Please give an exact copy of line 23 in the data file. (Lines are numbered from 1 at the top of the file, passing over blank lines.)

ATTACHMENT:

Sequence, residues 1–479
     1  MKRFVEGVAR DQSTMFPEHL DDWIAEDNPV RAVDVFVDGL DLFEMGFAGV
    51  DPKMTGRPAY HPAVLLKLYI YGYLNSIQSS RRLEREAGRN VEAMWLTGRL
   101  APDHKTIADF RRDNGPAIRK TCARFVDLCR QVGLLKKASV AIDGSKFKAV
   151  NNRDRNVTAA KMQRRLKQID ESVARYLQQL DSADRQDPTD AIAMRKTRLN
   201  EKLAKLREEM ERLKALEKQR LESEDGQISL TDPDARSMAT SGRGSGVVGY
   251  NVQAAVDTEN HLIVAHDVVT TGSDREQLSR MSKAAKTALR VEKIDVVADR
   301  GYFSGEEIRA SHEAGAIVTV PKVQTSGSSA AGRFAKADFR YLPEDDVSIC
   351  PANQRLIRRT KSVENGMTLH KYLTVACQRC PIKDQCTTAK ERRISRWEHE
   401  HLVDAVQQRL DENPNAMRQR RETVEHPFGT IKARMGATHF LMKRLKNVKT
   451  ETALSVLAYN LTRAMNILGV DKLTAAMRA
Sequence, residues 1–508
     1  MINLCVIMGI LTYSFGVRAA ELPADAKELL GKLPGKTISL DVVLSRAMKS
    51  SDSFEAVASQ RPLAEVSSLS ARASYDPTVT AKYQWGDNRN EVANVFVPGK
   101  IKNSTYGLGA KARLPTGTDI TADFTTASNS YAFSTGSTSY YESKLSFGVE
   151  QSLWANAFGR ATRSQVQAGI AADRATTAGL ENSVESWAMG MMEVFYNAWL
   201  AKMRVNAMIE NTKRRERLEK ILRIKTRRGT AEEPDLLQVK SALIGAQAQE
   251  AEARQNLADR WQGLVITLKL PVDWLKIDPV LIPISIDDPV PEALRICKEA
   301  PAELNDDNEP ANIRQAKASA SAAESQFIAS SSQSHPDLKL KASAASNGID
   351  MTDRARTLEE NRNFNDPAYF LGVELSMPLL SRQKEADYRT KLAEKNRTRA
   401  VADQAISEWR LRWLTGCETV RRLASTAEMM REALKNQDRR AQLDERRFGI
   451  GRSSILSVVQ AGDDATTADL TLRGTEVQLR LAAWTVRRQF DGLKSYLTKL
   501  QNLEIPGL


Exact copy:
   501  QNLEIPGL